Biden Administration Asks Court to Unseal Trump Search Warrant Materials

Biden Administration Asks Court to Unseal Trump Search Warrant Materials
Former President Donald Trump's residence in Mar-a-Lago, Palm Beach, Fla., on Aug. 9, 2022. (Giorgio Viera/AFP via Getty Images)
Zachary Stieber

The U.S. Department of Justice (DOJ) on Aug. 11 asked a federal court to make public materials on the search warrant FBI agents obtained and executed on former President Donald Trump's residence in Florida this week.

Government lawyers asked U.S. Magistrate Judge Bruce Reinhart to unseal the warrant itself and some supporting materials, as well as a receipt listing items taken from the Mar-a-Lago resort.

"The department filed the motion to make public the warrant and receipt in light of the former president's public confirmation of the search, the surrounding circumstances and the substantial public interest in this matter," Attorney General Merrick Garland, a Biden appointee, said in prepared remarks delivered in Washington on Thursday.
Christina Bobb, one of Trump's lawyers, told The Epoch Times that agents were seeking classified and presidential records.
The government before the raid asked the court to shield the documents. But making them public now "would not 'impair court functions,' including the government’s ability to execute the warrant, given that the warrant has already been executed," the government lawyers said in the new filing.

The request asks Reinhart to unseal the warrant and "Attachments A and B," in addition to the receipt.

Chris Farrell, director of research and investigation at Judicial Watch, told The Epoch Times that attachment A is the affidavit, or the document from a law enforcement agent outlining to the judge why a warrant would be needed.

On the other hand, Andrew Crespo, a professor of criminal law and procedure at the Harvard Law School, said on social media that he believes neither attachment is the affidavit.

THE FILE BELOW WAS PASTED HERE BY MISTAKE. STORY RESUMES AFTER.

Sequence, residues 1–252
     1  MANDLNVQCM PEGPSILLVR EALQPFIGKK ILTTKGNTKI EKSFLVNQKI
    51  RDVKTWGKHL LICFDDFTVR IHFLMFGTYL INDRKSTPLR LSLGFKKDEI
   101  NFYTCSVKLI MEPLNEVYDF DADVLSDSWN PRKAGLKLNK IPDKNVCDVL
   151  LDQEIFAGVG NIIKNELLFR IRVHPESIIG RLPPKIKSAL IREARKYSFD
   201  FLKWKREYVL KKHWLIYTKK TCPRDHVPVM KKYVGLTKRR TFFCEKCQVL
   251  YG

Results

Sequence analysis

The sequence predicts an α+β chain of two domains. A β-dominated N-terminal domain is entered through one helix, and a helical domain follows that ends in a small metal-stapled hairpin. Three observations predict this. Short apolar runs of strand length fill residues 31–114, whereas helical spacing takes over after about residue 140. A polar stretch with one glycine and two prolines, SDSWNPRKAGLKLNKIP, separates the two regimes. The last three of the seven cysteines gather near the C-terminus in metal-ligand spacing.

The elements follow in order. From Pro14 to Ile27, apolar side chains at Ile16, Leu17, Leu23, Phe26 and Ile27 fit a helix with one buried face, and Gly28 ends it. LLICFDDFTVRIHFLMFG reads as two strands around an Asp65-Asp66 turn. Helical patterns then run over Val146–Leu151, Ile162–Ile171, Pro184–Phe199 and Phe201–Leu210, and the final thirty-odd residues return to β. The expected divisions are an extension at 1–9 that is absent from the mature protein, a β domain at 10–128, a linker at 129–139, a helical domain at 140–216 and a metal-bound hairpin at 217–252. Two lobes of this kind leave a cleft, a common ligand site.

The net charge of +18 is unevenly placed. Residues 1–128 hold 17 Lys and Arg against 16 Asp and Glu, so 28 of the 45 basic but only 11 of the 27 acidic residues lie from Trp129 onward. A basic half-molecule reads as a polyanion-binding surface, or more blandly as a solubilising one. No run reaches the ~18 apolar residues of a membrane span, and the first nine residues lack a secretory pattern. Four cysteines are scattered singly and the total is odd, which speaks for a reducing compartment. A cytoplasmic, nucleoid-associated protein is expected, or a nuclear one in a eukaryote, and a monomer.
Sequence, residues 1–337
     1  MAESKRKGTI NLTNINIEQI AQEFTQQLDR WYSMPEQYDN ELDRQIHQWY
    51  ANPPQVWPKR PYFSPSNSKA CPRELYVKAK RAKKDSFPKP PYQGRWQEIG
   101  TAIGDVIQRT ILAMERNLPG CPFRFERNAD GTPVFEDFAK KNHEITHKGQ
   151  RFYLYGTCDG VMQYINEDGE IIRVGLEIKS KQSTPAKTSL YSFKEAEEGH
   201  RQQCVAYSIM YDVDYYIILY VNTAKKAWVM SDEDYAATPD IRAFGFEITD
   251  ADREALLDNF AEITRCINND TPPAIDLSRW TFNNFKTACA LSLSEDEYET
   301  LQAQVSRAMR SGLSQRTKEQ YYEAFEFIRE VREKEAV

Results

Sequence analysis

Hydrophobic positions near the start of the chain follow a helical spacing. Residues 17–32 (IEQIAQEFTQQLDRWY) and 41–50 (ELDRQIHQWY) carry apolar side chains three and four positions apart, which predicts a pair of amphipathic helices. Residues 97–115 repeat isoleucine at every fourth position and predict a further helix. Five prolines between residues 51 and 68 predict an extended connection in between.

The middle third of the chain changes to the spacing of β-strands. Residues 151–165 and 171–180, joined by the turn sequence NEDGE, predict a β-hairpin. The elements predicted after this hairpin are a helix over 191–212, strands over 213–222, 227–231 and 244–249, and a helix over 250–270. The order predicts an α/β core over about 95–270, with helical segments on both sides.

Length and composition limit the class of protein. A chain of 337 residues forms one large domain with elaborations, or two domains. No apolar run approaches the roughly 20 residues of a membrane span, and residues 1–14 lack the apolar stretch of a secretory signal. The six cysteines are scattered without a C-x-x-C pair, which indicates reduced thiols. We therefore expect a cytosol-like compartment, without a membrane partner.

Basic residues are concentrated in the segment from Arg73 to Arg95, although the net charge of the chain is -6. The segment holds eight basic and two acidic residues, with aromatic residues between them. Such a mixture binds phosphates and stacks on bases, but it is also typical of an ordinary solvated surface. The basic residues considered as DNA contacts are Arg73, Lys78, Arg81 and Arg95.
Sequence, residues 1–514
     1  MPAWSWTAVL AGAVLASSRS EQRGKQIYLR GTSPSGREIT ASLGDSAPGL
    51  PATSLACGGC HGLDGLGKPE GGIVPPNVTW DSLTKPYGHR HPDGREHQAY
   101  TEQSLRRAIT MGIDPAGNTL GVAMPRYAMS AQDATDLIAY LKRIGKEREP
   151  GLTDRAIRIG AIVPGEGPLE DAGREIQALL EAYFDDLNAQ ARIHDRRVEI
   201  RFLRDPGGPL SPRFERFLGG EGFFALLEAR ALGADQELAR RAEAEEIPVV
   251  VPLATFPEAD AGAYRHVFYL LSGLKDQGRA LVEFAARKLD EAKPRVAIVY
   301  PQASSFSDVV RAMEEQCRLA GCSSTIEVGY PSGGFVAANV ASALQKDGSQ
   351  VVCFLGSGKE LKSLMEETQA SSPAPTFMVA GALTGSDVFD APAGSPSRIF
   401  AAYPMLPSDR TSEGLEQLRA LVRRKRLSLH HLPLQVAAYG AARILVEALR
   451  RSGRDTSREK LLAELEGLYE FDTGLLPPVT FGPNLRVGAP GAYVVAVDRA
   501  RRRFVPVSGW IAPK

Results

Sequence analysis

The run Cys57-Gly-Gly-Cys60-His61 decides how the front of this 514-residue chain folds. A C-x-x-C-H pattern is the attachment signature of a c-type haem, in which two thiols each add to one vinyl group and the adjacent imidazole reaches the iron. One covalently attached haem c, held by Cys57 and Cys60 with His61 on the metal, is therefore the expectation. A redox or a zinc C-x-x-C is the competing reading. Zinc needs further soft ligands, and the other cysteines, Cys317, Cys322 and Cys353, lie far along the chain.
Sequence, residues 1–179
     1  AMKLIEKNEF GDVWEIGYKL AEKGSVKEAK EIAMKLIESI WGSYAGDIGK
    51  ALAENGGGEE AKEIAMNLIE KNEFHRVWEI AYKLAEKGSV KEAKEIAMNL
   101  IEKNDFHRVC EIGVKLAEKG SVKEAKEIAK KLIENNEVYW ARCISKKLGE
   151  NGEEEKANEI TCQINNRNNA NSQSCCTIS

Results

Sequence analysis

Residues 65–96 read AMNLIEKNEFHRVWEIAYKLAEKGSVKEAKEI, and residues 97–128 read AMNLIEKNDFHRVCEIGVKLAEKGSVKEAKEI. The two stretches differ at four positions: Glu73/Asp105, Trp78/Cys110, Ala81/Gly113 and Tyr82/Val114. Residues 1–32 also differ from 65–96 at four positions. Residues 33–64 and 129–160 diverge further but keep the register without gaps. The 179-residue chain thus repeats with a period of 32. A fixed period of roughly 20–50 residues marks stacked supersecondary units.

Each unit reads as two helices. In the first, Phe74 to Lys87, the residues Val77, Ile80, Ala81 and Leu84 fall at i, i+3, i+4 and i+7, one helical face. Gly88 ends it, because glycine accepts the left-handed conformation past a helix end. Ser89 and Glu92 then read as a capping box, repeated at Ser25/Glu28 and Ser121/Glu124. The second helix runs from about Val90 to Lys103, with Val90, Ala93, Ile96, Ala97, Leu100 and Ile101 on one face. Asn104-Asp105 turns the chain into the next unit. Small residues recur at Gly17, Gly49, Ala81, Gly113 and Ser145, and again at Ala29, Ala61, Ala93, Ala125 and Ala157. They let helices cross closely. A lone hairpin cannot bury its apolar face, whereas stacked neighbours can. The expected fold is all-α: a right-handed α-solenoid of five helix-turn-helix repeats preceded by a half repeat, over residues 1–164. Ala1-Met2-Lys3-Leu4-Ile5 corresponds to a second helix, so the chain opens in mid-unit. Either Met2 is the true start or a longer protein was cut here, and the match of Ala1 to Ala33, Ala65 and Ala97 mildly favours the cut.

Farrell's group asked the court on Aug. 9 to unseal the search warrant materials, including the affidavit, arguing that the public has a right to the records, particularly in light of the unprecedented circumstances surrounding the raid.

"It's absolutely critical to get the affidavit. The affidavit is the foundation. It's the predicate for the entire search warrant process," Farrell said.

 Former President Donald Trump waves while walking to a vehicle outside of Trump Tower in New York on Aug. 10, 2022. (Stringer/AFP via Getty Images)
Former President Donald Trump waves while walking to a vehicle outside of Trump Tower in New York on Aug. 10, 2022. (Stringer/AFP via Getty Images)

Circumstances Favor Unsealing

The DOJ also now says that at least some of the documents should be unsealed, asserting the matter at hand "plainly 'concerns public officials or public concerns,'" since agents took action at the property of a former president, and that the public's "clear and powerful interest in understanding what occurred under these circumstances weighs heavily in favor of unsealing."

Before Reinhart approves the unsealing, government lawyers said, Trump should have an opportunity to respond to the motion and lodge objections, perhaps over privacy concerns.

Reinhart, a judge at the U.S. District Court for the Southern District of Florida who signed off on the warrant on Aug. 5, ordered the government to immediately give a copy of its motion to Trump and notify the court by 3 p.m. on Aug. 12 as to whether Trump opposed the motion.

Bobb, who did not respond to a request for comment on the government's motion, has said that the former president would request that the court unseal the warrant materials.

The government's motion seems to be an attempt to try to respond to the outrage from many over the raid, John Malcolm, director of the Meese Center for Legal and Judicial Studies at The Heritage Foundation, told The Epoch Times.

"I think that this is an attempt by the Department of Justice—who may have underestimated the reaction to this through this raid—to try to get out a little bit ahead of it by saying, 'Oh, see, what we did here was perfectly on the up and up,'" Malcolm said.

"If they really wanted to do that, in a more fulsome way, they would share that affidavit," he added.

Roman Balmakov contributed to this report.
Zachary Stieber is a senior reporter for The Epoch Times based in Maryland. He covers U.S. and world news. Contact Zachary at [email protected]